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IRS.gov Website
Publication 51
taxmap/pubs/p51-001.htm#en_us_publink1000195509

2. Who Are Employees?(p8)

rule
Generally, employees are defined either under common law or under statutes for certain situations. See Publication 15-A for details on statutory employees and nonemployees.
taxmap/pubs/p51-001.htm#en_us_publink1000195510

Employee status under common law.(p8)

rule
Generally, a worker who performs services for you is your employee if you have the right to control what will be done and how it will be done. This is so even when you give the employee freedom of action. What matters is that you have the right to control the details of how the services are performed. See Publication 15-A for more information on how to determine whether an individual providing services is an independent contractor or an employee.
If an employer-employee relationship exists, it does not matter what it is called. The employee may be called an agent or independent contractor. It also does not matter how payments are measured or paid, what they are called, or if the employee works full or part time.
You are responsible for withholding and paying employment taxes for your employees. You are also required to file employment tax returns. These requirements do not apply to amounts that you pay to independent contractors. The rules discussed in this publication apply only to workers who are your employees.
In general, you are an employer of farmworkers if your employees:
For this purpose, the term "farm" includes stock, dairy, poultry, fruit, fur-bearing animal, and truck farms, as well as plantations, ranches, nurseries, ranges, greenhouses or other similar structures used primarily for the raising of agricultural or horticultural commodities, and orchards.
Farmwork does not include reselling activities that do not involve any substantial activity of raising agricultural or horticultural commodities, such as a retail store or a greenhouse used primarily for display or storage.
The table in section 12, How Do Employment Taxes Apply to Farmwork, distinguishes between farm and nonfarm activities, and also addresses rules that apply in special situations.
taxmap/pubs/p51-001.htm#en_us_publink1000195512

Crew Leaders(p9)

rule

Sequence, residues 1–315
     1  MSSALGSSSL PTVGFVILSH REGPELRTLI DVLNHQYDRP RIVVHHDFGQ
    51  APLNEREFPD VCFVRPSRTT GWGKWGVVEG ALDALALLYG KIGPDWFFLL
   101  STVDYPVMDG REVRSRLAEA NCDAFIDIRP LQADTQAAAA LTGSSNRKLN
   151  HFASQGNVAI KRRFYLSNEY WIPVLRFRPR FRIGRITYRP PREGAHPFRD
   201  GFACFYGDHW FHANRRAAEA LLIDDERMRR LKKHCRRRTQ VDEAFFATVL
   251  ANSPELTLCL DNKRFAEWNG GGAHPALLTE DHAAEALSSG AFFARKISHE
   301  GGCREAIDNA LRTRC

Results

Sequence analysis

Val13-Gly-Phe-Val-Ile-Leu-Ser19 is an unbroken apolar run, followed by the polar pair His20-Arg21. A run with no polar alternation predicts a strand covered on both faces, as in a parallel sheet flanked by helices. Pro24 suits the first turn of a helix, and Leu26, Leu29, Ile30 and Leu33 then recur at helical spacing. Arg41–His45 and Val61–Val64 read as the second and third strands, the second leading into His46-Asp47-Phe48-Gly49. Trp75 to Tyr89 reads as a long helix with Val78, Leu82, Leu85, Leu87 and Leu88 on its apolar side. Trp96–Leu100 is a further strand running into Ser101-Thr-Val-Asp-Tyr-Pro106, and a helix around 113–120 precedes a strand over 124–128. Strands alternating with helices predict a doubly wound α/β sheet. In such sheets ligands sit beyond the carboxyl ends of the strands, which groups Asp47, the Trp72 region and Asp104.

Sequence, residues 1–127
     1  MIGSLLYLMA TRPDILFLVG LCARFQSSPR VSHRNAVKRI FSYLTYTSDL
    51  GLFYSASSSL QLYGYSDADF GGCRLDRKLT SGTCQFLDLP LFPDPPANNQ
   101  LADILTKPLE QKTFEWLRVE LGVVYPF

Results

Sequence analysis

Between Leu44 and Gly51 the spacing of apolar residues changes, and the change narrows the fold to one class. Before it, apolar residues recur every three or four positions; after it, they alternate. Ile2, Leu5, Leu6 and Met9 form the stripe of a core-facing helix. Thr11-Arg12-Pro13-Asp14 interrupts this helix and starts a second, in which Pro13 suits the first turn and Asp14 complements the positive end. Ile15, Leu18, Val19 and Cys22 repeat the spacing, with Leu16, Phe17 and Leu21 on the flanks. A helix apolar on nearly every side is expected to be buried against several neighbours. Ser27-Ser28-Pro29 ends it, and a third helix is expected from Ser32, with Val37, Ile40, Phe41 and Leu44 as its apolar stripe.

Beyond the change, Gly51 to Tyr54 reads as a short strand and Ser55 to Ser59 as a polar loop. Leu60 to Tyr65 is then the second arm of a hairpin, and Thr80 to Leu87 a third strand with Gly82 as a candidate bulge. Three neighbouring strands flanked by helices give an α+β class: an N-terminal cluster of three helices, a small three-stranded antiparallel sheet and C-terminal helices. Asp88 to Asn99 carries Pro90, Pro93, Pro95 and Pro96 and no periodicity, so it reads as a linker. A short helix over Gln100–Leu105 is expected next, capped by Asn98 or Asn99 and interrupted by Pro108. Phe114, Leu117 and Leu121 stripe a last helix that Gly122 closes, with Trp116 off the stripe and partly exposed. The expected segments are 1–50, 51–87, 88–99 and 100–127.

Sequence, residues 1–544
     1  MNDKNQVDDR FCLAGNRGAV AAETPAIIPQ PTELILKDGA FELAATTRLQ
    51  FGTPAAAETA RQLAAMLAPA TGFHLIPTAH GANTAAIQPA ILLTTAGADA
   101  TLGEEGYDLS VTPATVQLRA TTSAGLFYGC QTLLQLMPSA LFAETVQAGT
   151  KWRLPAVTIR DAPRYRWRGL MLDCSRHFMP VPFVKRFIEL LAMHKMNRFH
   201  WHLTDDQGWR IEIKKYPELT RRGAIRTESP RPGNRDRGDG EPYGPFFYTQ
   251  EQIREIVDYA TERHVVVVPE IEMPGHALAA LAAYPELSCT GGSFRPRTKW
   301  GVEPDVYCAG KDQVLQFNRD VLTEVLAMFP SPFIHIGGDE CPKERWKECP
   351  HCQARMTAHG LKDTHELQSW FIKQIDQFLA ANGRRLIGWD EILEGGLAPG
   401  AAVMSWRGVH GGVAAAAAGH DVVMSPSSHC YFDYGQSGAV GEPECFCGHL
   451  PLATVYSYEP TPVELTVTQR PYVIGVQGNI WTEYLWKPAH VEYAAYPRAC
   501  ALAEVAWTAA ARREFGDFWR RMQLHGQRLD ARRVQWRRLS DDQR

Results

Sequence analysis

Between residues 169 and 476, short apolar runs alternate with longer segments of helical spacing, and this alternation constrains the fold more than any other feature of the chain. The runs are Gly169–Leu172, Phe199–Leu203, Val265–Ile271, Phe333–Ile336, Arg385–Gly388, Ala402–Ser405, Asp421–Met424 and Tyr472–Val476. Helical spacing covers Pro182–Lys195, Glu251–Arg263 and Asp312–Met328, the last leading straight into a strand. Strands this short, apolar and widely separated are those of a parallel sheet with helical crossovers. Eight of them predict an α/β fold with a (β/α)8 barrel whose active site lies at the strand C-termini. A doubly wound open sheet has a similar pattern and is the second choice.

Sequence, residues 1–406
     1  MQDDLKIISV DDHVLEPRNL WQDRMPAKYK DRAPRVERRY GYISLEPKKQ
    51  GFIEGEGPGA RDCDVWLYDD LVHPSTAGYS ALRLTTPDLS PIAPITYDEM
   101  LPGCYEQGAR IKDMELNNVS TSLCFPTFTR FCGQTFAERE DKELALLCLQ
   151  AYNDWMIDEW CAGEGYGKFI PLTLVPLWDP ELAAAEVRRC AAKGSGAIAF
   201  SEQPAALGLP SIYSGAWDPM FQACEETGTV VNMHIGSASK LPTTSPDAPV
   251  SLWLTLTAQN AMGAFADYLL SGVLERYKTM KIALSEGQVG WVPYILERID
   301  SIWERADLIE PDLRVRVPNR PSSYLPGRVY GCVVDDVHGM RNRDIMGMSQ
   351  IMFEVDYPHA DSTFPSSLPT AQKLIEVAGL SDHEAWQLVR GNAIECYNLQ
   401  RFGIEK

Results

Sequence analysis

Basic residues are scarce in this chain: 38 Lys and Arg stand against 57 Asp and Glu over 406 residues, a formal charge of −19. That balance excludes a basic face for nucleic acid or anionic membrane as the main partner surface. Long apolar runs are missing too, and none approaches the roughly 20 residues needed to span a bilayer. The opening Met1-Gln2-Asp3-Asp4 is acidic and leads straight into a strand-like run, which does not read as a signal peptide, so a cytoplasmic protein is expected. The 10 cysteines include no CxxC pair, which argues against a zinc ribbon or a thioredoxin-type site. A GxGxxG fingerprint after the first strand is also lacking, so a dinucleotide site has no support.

If you are a crew leader, you are an employer of farmworkers. A crew leader is a person who furnishes and pays (either on his or her own behalf or on behalf of the farm operator) workers to do farmwork for the farm operator. If there is no written agreement between you and the farm operator stating that you are his or her employee and if you pay the workers (either for yourself or for the farm operator), then you are a crew leader. For FUTA tax rules, see section 10.
taxmap/pubs/p51-001.htm#en_us_publink1000195514

Business Owned and Operated by Spouses(p9)

rule
If you and your spouse jointly own and operate a farm or nonfarm business and share in the profits and losses, you are partners in a partnership, whether or not you have a formal partnership agreement. See Publication 541, Partnerships, for more details. The partnership is considered the employer of any employees, and is liable for any employment taxes due on wages paid to its employees.
taxmap/pubs/p51-001.htm#en_us_publink1000254636

Exception—Qualified joint venture.(p9)

rule
For tax years beginning after December 31, 2006, the Small Business and Work Opportunity Tax Act of 2007 (Public Law 110-28) provides that a "qualified joint venture," whose only members are spouses filing a joint income tax return, can elect not to be treated as a partnership for federal tax purposes. A qualified joint venture conducts a trade or business where:
To make the election, all items of income, gain, loss, deduction, and credit must be divided between the spouses, in accordance with each spouse's interest in the venture, and reported on separate Schedules C or F as sole proprietors. Each spouse must also file a separate Schedule SE to pay self-employment taxes, as applicable.
Spouses using the qualified joint venture rules are treated as sole proprietors for federal tax purposes and generally do not need an EIN. If employment taxes are owed by the qualified joint venture, either spouse may report and pay the employment taxes due on the wages paid to the employees using the EIN of that spouse's sole proprietorship. Generally, filing as a qualified joint venture will not increase the spouses' total tax owed on the joint income tax return. However, it gives each spouse credit for social security earnings on which retirement benefits are based and for Medicare coverage without filing a partnership return.
Note. If your spouse is your employee, not your partner, you must pay social security and Medicare taxes for him or her.
For more information on qualified joint ventures, visit IRS.gov and enter "qualified joint venture" in the search box.
taxmap/pubs/p51-001.htm#en_us_publink1000195516

Exception—Community income.(p9)

rule
If you and your spouse wholly own an unincorporated business as community property under the community property laws of a state, foreign country, or U.S. possession, you can treat the business either as a sole proprietorship (of the spouse who carried on the business) or a partnership. You may still make an election to be taxed as a qualified joint venture instead of a partnership. See Exception—Qualified joint venture, earlier in this section.